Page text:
The Kingsmill Review: Taking care – An independent report into working conditions in the care sector. This review looked at poor working conditions in the care sector and the impact on quality of care, particularly non-payment of the minimum wage, high use of zero hour contracts, low levels of training and the factors associated with poor English language ability. It concludes that the care sector is in crisis – as well as the work being physically and emotionally demanding and often undertaken in unsocial hours, there is evidence of widespread exploitation of workers. The review makes a number of policy recommendations, including:
a Licence to Practise for care managers;
a ban on "zero hours" contracts;
local authorities must be required to perform due diligence to ensure that care workers are not being paid less than the National Minimum Wage;
local authorities follow the principles of the Care Charter, including an end to 15 minute slots, which are associated with non-payment of the minimum wage and poor quality of care.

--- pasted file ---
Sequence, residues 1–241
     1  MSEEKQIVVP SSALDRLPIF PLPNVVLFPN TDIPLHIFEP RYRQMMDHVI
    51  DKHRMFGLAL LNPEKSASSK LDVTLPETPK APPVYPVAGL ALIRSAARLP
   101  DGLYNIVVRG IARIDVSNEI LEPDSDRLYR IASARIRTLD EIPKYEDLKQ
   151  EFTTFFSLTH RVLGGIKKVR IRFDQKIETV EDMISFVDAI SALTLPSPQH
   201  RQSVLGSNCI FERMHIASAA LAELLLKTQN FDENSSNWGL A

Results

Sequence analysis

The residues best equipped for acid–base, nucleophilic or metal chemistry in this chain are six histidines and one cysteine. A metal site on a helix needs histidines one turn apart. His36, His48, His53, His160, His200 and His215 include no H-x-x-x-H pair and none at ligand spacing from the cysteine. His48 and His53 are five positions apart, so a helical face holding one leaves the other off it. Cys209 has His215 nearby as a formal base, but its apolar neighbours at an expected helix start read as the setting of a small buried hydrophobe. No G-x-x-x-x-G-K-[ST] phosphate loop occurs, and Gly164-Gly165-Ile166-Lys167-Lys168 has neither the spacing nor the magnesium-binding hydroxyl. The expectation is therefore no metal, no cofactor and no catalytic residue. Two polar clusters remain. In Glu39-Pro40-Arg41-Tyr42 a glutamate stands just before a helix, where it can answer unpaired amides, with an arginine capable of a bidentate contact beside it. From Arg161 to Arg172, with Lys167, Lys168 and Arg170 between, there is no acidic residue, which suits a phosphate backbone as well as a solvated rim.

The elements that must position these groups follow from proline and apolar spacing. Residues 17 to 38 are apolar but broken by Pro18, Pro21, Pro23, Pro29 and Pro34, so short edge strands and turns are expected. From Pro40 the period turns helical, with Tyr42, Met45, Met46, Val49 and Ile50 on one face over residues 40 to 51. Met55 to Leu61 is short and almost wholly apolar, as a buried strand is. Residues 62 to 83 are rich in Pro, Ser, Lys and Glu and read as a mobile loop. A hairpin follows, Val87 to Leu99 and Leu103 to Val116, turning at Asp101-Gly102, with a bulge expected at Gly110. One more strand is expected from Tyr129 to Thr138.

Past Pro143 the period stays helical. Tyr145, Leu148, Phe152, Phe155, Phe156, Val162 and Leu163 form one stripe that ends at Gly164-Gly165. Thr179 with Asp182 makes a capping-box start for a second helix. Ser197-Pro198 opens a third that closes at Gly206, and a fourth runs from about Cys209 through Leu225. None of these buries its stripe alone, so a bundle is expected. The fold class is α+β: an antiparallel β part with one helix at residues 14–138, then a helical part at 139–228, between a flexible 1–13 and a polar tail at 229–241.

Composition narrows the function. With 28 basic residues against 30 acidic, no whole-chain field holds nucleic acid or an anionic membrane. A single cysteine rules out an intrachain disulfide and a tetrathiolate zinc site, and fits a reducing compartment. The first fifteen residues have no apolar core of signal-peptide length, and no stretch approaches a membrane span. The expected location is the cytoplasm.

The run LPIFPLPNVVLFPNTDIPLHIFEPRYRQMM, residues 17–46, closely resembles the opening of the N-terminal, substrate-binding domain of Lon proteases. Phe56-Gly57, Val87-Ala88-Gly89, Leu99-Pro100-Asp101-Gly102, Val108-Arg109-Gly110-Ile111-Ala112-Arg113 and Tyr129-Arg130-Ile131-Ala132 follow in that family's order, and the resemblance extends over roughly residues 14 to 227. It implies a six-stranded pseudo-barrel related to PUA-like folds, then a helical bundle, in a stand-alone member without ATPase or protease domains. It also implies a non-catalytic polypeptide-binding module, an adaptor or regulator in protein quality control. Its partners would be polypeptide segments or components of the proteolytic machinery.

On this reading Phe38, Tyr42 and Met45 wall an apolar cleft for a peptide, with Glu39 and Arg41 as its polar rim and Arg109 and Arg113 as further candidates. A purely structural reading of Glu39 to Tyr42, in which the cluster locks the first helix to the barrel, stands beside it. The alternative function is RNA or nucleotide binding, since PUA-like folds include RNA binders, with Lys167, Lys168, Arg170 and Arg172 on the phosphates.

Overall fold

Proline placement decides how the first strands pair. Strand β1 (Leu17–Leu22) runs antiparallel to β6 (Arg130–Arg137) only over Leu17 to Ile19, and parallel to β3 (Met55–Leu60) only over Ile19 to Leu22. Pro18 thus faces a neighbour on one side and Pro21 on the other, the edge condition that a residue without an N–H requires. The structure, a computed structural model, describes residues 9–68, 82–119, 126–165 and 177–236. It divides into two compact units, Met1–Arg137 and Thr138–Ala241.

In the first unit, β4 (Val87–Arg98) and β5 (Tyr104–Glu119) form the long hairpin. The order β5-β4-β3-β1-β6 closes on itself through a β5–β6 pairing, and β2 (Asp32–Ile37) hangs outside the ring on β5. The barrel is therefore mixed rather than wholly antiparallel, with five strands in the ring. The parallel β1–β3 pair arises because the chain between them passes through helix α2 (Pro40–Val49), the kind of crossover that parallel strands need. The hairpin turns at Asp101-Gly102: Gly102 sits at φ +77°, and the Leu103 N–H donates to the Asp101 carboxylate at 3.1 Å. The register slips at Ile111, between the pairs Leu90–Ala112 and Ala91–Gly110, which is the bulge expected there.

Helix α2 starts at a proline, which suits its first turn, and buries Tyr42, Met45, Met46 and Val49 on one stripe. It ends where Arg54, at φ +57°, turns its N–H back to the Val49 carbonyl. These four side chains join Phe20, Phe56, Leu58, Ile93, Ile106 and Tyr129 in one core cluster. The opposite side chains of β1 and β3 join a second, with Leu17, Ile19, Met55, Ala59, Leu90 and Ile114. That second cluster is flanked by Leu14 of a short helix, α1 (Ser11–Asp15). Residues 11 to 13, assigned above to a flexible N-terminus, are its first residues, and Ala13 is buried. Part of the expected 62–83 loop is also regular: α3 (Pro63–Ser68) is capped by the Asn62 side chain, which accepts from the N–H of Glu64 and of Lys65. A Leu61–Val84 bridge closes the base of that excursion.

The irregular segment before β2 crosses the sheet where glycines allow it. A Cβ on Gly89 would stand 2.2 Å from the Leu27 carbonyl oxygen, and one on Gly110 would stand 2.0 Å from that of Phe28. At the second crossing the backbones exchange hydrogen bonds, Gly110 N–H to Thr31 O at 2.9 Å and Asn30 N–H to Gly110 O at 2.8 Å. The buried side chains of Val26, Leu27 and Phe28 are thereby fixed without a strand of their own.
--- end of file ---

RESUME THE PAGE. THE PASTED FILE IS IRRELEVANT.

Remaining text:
The Care Certificate. Taking place across a range of health and social care settings, the Care Certificate pilot will test a set of standards designed to help employers to assess not only workers’ skills, but also the knowledge, behaviours and values that are required to deliver compassionate and quality care. Achievement of the Care Certificate should ensure that the support worker has the required values, behaviours, competences and skills to provide high quality, compassionate care. The Care Certificate pilot will be held in the spring and summer of 2014, with the introduction of the certificate planned for March 2015.